We Tried It: Madre Chocolate’s Farm-to-Factory Tour
Madre Chocolate offers a kid-friendly farm-to-factory chocolate tour.
Editor’s Note: Madre Chocolate closed its shop on Pauahi Street, and chocolate-making classes are held in various locations. Contact the company for details.
Q: What happens when you bring eight kids to a cacao farm to learn about agriculture and make and eat chocolate treats?
A: The kids gain an appreciation for local farming—and become extremely hyperactive from caffeine and sugar consumed over four hours.
That just about summed up my family’s experience when we joined a dozen adults and their children on a “Cacao Farm to Chocolate Factory Tour” by Madre Chocolate, a bean-to-bar chocolatier based on O‘ahu. Madre Chocolate’s organic, fair-trade products have won local, national and global awards over the years and rank among the world’s best chocolates. After participating in the farm-to-factory tour, it’s easy to see (and taste) why.
If you want to know whether this three-hour tour is right for your kids, here’s a play-by-play of our experience.
SEE ALSO: 🍫 The Everything Guide to Local Chocolate
A half-dozen cars, including my family’s, pull up in front of a farmhouse in Waialua, where the tour starts. Out jump a gaggle of kids—ready to use the bathroom. The farm’s outdoor restrooms are inoperable this day, so the kids use the facility inside the farmhouse. They take awhile, delaying our tour’s start time by 20 minutes. Thank goodness, the childless adults in our group are patient.
Nat Bletter, our tour guide and owner of Madre Chocolate, invites everyone to gather around a picnic table under a tree and introduces us to the wonderful world of cacao. He delves into the history of the plant, explains harvesting and fermentation in kid-friendly lingo and encourages everyone to taste cacao fruit pulp sweetened with cane sugar. The concoction tastes like a smoothie. The older kids love it. The younger kids? Not as much. Bletter then cracks open a Nine Fine Mynahs Estates chocolate bar and passes it around, along with cacao nibs. All of the kids, except the 18-month-old, appreciate the familiar taste of the confection, which is velvety and bittersweet.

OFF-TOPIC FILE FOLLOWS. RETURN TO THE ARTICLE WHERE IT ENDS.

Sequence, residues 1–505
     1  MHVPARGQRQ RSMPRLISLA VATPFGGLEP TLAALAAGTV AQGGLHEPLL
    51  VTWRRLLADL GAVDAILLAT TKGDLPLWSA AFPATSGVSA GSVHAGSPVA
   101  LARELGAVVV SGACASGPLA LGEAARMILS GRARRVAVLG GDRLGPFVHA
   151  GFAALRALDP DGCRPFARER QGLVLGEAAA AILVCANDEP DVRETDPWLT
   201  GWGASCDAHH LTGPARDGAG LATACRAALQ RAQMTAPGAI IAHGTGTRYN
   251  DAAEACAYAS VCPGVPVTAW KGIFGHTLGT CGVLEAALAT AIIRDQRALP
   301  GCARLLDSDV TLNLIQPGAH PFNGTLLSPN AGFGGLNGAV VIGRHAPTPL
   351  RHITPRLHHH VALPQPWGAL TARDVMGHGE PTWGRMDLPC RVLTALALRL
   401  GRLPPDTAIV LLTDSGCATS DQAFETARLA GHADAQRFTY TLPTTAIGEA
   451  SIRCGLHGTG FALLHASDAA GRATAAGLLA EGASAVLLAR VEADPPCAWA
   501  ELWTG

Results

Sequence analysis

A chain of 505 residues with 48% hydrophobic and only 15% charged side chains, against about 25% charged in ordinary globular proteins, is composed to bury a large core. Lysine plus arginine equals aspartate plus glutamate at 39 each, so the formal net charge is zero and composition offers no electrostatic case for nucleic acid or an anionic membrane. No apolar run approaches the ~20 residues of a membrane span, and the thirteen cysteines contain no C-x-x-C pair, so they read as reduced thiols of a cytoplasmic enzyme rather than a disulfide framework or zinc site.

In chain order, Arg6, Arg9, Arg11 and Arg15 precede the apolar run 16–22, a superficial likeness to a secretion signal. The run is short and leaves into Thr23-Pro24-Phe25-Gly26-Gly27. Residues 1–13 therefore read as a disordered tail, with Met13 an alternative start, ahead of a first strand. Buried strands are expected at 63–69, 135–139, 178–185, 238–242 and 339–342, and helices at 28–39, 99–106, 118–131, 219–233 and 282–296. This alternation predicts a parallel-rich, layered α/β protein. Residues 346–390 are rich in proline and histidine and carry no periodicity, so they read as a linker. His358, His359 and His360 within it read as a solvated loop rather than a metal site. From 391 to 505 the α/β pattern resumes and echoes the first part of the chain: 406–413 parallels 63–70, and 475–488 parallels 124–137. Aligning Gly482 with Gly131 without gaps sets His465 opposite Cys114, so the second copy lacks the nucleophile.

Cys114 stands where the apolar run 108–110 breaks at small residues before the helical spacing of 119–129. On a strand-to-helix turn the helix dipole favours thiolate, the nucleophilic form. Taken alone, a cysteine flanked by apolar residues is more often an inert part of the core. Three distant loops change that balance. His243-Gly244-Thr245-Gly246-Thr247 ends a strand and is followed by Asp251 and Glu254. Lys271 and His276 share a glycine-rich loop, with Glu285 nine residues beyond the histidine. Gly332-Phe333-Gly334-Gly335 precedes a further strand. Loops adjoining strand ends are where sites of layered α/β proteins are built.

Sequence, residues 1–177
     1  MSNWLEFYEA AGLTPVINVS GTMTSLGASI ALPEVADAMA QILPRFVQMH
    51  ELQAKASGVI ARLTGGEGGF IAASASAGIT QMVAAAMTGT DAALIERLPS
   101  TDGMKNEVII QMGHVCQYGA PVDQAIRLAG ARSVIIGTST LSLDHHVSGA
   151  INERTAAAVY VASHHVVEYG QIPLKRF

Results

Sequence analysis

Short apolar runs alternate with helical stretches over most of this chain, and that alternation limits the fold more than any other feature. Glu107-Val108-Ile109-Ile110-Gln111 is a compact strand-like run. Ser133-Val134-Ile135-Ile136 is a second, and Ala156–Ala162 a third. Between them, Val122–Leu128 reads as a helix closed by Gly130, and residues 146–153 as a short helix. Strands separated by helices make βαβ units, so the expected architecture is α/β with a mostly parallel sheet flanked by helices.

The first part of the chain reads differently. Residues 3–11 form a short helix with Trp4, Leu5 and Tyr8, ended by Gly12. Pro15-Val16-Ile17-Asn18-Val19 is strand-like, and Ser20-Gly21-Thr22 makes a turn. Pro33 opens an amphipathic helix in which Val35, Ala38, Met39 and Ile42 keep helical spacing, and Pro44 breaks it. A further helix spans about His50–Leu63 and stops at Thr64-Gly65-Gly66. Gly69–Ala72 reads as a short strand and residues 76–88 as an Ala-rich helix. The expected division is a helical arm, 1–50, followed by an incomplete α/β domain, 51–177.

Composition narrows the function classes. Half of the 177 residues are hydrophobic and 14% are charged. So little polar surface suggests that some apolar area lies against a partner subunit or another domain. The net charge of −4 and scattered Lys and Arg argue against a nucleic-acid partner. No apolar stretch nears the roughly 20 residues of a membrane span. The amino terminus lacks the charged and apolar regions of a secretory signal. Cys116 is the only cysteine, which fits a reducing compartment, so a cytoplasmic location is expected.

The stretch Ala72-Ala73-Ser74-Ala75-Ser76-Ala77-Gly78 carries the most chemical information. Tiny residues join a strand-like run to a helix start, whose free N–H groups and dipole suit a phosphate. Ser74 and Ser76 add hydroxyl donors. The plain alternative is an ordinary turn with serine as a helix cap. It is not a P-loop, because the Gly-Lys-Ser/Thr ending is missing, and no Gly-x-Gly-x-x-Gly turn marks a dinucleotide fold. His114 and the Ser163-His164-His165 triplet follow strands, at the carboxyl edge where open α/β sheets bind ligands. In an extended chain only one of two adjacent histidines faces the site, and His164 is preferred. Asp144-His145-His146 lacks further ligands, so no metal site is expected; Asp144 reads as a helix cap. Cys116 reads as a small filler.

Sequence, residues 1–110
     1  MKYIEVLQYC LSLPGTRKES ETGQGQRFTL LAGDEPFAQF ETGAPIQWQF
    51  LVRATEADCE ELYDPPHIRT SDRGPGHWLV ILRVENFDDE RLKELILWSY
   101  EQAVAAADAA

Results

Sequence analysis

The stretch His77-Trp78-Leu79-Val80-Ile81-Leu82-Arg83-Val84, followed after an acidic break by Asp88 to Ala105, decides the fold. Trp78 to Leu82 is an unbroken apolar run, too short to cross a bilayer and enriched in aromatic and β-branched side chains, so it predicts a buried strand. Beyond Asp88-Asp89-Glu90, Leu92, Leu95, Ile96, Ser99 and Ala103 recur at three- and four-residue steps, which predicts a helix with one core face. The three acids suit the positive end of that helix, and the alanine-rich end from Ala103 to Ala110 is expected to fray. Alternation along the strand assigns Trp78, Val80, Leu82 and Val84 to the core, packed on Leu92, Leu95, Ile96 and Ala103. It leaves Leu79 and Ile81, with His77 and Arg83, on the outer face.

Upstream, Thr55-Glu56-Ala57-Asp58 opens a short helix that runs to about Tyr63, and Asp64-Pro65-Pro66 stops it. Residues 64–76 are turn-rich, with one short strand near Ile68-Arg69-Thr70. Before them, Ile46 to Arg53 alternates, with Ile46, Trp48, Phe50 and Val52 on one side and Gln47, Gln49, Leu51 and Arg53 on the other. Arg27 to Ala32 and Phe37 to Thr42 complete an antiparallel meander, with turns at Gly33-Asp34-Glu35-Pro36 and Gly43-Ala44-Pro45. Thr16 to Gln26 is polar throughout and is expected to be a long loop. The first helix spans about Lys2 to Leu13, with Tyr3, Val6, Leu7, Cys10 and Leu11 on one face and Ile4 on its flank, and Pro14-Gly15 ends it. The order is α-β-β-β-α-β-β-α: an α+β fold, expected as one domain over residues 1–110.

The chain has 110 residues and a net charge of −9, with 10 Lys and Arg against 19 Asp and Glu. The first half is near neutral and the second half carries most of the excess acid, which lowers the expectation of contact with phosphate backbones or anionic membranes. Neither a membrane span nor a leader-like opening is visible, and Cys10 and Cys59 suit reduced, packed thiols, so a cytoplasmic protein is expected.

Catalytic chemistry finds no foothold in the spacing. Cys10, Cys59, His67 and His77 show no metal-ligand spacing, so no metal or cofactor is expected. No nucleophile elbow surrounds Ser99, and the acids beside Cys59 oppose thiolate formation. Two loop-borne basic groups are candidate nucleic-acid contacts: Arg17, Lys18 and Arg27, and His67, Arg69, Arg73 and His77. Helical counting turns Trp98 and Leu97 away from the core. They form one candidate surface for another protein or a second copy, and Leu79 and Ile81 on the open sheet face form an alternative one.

The walking tour of the farm begins. The kids walk in a group, enjoying the views and breeze. Bletter, an ethnobotanist by profession, can’t hide his enthusiasm for cacao and rallies up the kids with excitement. “Hawai‘i is the only state where you can see chocolate made from tree to bar,” he explains. “Cacao pods are unique. They hang from tree trunks the way your kids might hang off you when you’re tired.” The parents glance around the farm and notice yellow, orange, purple and green pods clinging to tree trunks.